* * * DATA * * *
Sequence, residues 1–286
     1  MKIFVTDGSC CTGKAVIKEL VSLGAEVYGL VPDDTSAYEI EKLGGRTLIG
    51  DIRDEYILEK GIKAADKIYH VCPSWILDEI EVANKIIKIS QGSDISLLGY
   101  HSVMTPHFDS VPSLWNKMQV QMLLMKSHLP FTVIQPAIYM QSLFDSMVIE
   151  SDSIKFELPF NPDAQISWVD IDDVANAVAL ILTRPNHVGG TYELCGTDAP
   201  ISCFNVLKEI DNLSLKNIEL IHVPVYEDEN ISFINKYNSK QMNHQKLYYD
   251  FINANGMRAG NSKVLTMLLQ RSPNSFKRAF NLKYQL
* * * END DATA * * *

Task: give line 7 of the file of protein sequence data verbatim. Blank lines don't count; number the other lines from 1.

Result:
   251  FINANGMRAG NSKVLTMLLQ RSPNSFKRAF NLKYQL